Press Release

March 8, 2012

Sen. Ben Cardin (D-Md.) spoke with E&E Daily last week about several of the most controversial water issues now before Congress and the Obama administration — debates in which he continues to play a lead role, as chairman of the Environment and Public Works Committee’s water subpanel.

What follows are some highlights of that conversation.

E&E: Sen. Rand Paul (R-Ky.) recently filed a bill that would sharply restrict EPA’s regulatory reach under the Clean Water Act (Greenwire, Feb. 17). What do you think of that bill and of the ongoing debate over how much of the nation’s waters and wetlands should be federally protected?

Cardin: Senator Paul’s views, I believe, are basically an outlier’s view — trying to get the federal government from protecting legitimate national interests. I think his view is that the federal government does not have a responsibility for the public health of the people of our country, so therefore, it’s not a federal responsibility for clean air or clean water.

Well, we can point to the cost-benefit ratios of the Clean Water and Clean Air Act. And it’s amazing. It’s about $1 of requirements produce about $40 of savings. That’s a pretty good ratio. We’re talking about direct savings of people being able to work, stay out of hospitals and live. That’s what we’re talking about.

What Senator Paul would do would be to say, “Let’s roll that back.” If you eliminate the federal jurisdiction, you’re basically saying that they’re being unregulated. So you’re going to have water bodies that are contaminated, that clearly are stressed under the current definition of the Clean Water Act, that will go without any remedy. That will have a major impact well beyond that local community. It will have a major impact on the public health. And the only jurisdiction that can effectively do this is the federal government.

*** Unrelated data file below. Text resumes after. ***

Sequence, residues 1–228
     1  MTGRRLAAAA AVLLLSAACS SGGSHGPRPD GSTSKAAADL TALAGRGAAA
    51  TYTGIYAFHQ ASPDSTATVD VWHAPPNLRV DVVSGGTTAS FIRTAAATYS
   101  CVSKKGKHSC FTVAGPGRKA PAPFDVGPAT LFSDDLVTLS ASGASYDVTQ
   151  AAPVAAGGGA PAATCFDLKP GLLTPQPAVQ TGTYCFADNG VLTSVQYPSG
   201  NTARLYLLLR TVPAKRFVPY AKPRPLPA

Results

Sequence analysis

Maryland has taken very aggressive steps to protect the environment. But Marylanders still get polluted air because of what happens in other states. We’ve taken aggressive steps on the Chesapeake Bay. The reason we’ve been effective is because it’s a regional effort — not a one-state effort. So you can’t do this on a state basis. You need a national framework, and that’s what the Clean Water Act and the Clean Air Act have done. I just have a fundamental disagreement with Senator Paul as to the value of the Clean Water Act. I do remember when rivers caught fire. I do remember when beach closures were happening on a very regular basis. We still have too many beach closures, which means we have to do more, not less, to protect the public health.

E&E: On the same subject, the EPA recently sent a new regulatory policy statement to the White House Office of Management and Budget for final review that would expand the number of streams and wetlands that are federally protected — or as proponents would say, restore the Clean Water Act protections rolled back in the 1990s following two muddled Supreme Court decisions. How do you see these new policies playing out?

Cardin: There is some leeway within the Supreme Court decisions. I disagree with the Supreme Court decision. I co-sponsored legislation that would go back to the original intent of Congress as it relates to “navigable waters” (what is explicitly covered under the Clean Water Act) and what should be covered under the Clean Water Act. We’re just trying to go back to how the law was as we all thought it was. I’m all for the administration doing what they can. They can’t override a Supreme Court decision. Only we can do that by giving them the authority that they need.